Oranges would have been a rare delicacy in 1802, but as the owner of the mercantile, William Beekman would surely have been able to procure some for special occasions (and certainly Joanna would have wanted to show off a bit to her guests—what good hostess doesn’t?)
Our oranges cost only $3.99 a dozen, but we found a way to turn them into a rare delight for New Years Eve. How? Glad you asked…
Cut orange through the middle. Oranges are very pliable, so you can shape it into a nice sphere and also press it down on the table to flatten the bottom so that it will stand nicely when the project is done.
Use a knife to separate the meat of the orange from the rind. We find that a grapefruit knife works best.
Use a spoon to scoop out the meat.
The cleaner you can get the rind, the less moisture and mess you’ll have later on. Be sure to save the edible part of the orange. It comes in handy for juicing – especially if the votives are for New Years Eve, as ours were. Think Mimosas on New Years morning…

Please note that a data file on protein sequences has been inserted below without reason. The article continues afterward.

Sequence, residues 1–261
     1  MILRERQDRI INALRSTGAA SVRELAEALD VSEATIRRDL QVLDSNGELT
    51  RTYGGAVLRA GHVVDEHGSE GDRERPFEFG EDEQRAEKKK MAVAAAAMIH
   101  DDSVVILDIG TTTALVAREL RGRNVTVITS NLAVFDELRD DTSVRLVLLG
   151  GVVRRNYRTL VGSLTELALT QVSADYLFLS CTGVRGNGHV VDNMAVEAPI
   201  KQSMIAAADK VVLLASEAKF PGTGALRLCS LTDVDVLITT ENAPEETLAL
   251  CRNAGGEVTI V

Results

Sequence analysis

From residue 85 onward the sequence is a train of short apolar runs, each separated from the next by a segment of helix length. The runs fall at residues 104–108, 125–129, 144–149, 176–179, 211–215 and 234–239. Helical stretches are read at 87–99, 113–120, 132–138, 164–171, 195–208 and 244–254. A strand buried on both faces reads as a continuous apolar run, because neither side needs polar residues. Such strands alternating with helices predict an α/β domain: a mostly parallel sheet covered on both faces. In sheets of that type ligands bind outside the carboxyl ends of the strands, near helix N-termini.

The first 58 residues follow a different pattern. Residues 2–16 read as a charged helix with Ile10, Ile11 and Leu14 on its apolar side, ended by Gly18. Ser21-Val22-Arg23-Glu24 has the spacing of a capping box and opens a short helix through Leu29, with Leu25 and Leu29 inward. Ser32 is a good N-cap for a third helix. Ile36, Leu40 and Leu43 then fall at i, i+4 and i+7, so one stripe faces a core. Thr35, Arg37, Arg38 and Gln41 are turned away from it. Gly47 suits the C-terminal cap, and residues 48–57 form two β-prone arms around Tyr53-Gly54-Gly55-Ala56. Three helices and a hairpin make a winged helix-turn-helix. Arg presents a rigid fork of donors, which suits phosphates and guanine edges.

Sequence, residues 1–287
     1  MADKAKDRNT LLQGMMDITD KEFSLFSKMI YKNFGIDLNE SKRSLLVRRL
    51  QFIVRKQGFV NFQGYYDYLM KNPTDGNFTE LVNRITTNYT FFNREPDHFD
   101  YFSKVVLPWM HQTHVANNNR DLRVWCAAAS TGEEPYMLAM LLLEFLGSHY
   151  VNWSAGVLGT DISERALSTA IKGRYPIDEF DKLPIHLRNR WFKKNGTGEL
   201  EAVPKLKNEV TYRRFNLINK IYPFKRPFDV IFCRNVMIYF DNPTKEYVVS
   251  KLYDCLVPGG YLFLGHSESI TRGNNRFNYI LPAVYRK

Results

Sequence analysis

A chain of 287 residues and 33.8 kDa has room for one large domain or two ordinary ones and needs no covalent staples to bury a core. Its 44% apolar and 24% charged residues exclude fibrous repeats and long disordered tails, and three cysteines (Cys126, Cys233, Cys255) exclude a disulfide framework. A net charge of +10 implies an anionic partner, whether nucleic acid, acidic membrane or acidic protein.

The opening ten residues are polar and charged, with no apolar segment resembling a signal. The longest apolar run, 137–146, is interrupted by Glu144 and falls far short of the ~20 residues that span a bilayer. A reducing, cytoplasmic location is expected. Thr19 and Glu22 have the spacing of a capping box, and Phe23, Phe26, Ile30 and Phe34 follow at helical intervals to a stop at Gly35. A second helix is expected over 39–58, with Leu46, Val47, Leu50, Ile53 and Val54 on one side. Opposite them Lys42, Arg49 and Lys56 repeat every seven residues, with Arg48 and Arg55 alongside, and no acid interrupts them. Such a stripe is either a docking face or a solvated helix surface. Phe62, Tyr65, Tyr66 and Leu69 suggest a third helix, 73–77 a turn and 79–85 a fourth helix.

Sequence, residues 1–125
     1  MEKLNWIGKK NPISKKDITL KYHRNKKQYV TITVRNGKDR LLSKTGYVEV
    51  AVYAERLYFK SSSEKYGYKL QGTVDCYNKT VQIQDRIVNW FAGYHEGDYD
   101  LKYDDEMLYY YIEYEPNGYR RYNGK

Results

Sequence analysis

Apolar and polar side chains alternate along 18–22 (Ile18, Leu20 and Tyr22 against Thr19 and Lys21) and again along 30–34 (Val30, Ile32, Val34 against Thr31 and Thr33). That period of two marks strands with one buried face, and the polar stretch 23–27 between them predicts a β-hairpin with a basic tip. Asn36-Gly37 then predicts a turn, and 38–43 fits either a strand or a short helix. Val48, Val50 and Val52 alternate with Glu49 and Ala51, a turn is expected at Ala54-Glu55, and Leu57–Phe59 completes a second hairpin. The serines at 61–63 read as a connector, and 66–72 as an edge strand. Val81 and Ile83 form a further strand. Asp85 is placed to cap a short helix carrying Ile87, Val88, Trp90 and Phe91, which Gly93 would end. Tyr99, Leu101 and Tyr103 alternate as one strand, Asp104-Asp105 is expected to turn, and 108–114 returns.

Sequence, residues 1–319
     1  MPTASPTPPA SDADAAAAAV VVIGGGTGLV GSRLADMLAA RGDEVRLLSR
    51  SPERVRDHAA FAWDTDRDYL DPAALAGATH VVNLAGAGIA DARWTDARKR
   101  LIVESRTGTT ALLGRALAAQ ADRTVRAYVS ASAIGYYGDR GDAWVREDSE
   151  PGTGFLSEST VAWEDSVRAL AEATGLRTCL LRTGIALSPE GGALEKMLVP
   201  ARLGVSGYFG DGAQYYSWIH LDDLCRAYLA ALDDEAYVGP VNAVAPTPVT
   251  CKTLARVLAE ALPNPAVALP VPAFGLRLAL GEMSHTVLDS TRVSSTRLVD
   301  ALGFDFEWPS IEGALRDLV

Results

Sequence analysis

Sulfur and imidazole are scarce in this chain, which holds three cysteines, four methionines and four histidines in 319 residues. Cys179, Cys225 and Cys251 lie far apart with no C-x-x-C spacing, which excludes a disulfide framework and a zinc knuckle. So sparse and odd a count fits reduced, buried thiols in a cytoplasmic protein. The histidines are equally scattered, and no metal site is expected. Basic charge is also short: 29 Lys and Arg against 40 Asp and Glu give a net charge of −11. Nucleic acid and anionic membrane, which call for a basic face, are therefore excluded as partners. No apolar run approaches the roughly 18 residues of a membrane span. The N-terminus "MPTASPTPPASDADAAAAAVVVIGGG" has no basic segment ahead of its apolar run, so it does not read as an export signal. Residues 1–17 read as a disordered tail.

Cut a hole in the center of the top of the orange to allow smoke to escape the votive. We used a small round biscuit cutter, but stars or other cookie cutter shapes would also be festive.
Place a votive in the bottom half and then rejoin the two halves
We decorated the crown of the orange with whole cloves to match the garland we had strung earlier. Set the votive in the center of a plate to provide support and eliminate messes.
Votives adorned the grand piano during the concert. As the votive heated the orange peel and cloves, their fragrance filled the music room.
Orange you glad you asked?